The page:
As digital currency prices have slid significantly in value during the past few months, the bear market cycle is starting to take its toll on the crypto industry’s workforce. On June 2, Gemini’s co-founders the Winklevoss brothers revealed the company would lay off 10% of its employees. The same day, one of the Middle East’s largest digital currency exchanges, Rain Financial revealed it had to lay off dozens of employees. Rain’s CEO said as cryptocurrency markets have slowed down, it has “impacted businesses across the globe.”
7 Crypto Firms Forced to Reduce Workforce Numbers
2022 is starting to look an awful lot like the latter half of 2018 as crypto companies worldwide are letting employees go due to the crypto bear market downturn. The start of the layoff news started in April when Robinhood announced it had to lay off roughly 9% of the company’s workforce.
In May, Bitcoin.com News reported on Bitso laying off 80 employees due to the crypto bear market. Not too long after Bitso’s announcement, the Coinbase-backed 2TM, the largest Latin American crypto exchange detailed it was laying off roughly 12% of the company’s workforce.
“The scenario required adjustments that go beyond the reduction of operating expenses, making it also necessary to dismiss some of our employees. The process we carried out was guided by transparency and respect, in order to honor the legacy of each employee who helped us get here,” 2TM explained.
Cameron and Tyler Winklevoss published a blog post that explained that 10% of Gemini’s staff would be laid off. “We are writing to update you on a difficult decision that will impact a number of you and the overall size of our team,” the Gemini co-founder wrote on June 2. “The crypto revolution is well underway and its impact will continue to be profound — But its trajectory has been anything but gradual or predictable,” the blog post adds.
Bitcoin.com News reported on Coinbase revealing that it was slowing the hiring process amid the crypto market downturn. Following that report, Coinbase then revealed it had to “rescind a number of accepted offers.” Furthermore, another company backed by Coinbase, Rain Financial Inc., said it had to lay off dozens of employees. Rain’s CEO and co-founder Joseph Dallago blamed the crypto bear market on the decision.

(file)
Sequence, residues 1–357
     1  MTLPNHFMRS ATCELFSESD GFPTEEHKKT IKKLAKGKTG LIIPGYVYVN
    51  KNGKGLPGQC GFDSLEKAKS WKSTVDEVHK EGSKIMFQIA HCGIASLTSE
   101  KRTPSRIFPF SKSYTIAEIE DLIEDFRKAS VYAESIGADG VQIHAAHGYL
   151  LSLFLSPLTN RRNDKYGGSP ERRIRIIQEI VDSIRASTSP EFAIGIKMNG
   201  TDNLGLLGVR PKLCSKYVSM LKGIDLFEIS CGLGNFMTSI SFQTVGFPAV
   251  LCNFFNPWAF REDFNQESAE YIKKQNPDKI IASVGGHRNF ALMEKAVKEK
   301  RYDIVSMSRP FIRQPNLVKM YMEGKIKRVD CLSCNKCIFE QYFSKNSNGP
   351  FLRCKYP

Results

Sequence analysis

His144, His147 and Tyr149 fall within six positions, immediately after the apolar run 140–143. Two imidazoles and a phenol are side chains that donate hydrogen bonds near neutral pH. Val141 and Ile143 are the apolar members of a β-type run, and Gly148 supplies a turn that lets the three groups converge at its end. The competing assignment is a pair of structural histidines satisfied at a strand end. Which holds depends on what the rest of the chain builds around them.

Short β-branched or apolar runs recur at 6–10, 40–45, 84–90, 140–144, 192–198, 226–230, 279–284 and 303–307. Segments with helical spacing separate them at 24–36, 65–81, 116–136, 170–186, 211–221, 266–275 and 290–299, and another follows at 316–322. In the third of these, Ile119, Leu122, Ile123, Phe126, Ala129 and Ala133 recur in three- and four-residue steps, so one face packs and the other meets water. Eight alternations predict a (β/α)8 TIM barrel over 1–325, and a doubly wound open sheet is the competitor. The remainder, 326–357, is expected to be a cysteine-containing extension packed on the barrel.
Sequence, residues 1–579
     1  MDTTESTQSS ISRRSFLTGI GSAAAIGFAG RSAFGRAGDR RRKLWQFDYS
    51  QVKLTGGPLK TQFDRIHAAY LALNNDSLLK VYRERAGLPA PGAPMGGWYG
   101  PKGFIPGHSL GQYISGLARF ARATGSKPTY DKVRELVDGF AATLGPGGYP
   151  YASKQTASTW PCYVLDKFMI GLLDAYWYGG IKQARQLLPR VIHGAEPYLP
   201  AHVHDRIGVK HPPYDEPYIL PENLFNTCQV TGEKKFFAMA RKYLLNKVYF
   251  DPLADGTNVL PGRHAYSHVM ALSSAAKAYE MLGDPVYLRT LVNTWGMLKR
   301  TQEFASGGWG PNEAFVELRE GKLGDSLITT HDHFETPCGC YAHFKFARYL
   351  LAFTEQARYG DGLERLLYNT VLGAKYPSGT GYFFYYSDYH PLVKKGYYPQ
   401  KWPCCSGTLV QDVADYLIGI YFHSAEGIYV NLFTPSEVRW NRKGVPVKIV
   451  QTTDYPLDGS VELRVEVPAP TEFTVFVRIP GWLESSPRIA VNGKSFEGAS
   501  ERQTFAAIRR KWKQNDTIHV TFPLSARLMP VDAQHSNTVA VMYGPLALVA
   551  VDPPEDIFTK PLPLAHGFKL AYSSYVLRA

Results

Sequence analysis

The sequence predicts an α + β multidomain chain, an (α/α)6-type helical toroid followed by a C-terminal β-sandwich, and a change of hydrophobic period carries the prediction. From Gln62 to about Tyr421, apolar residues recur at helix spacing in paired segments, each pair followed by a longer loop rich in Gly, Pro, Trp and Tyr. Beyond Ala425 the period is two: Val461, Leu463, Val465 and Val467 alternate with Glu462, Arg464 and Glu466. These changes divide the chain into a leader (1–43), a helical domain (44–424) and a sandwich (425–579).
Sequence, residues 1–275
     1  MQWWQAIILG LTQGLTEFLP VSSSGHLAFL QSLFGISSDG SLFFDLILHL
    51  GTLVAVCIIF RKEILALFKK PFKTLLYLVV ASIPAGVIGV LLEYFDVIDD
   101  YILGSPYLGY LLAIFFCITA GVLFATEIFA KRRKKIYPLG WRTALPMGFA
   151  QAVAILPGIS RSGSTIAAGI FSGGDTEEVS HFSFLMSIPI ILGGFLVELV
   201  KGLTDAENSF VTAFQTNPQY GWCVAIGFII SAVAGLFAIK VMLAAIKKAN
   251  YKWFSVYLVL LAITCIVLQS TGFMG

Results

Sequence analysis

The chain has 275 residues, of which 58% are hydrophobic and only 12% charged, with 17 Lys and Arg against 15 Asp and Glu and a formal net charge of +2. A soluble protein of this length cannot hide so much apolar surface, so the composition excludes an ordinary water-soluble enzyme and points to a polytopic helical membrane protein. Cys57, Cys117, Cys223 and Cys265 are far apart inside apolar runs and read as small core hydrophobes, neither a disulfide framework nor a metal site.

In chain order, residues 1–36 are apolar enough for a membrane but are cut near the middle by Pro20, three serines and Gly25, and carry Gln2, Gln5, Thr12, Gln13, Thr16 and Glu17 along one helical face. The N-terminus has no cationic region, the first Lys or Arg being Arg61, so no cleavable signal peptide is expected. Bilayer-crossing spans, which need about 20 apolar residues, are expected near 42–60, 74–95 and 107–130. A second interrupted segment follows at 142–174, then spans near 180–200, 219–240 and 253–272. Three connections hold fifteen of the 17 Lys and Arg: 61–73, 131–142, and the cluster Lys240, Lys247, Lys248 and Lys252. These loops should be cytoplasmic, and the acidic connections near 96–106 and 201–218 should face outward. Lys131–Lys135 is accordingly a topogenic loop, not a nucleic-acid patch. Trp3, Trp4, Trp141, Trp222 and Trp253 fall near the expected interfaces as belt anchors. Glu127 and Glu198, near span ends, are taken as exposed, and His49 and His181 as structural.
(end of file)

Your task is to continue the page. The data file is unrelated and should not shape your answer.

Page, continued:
“As cryptocurrencies and global markets continue to slow down, this has, in turn, impacted businesses across the globe,” Dallago said in a statement to Bloomberg author Ben Bartenstein. “We have had to make tough decisions to be able to navigate through this period of uncertainty and we can confirm we have downsized our Rain workforce.”
Buenbit’s CEO detailed on May 23 that the company decided to reduce Buenbit’s staff. “After 2021’s exponential growth for the technology industry, we are going through a stage of global review,” Federico Ogue wrote. “Given this new context, we decided to reduce our staff and pause our expansion plan to focus exclusively on operations in the countries where we are present today and maintain a self-sustaining and efficient structure.”
No one knows how long the downturn will last, but layoffs are a sure sign of slowing growth and a bear market cycle. After the 2017 bull run, Bitcoin.com reported on numerous crypto firms laying off workers due to the bear market. However, when the bear market ended in 2020, the crypto industry saw mass hiring sprees and employers were in need of help to keep up with demand.
While many firms are pausing hiring or laying off workers already, there’s still a number of positions available in the digital currency industry. Fidelity revealed last week that it plans to expand its workforce amid the crypto downturn.
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Jamie Redman is the News Lead at Bitcoin.com News and a financial tech journalist living in Florida. Redman has been an active member of the cryptocurrency community since 2011. He has a passion for Bitcoin, open-source code, and decentralized applications. Since September 2015, Redman has written more than 5,000 articles for Bitcoin.com News about the disruptive protocols emerging today.
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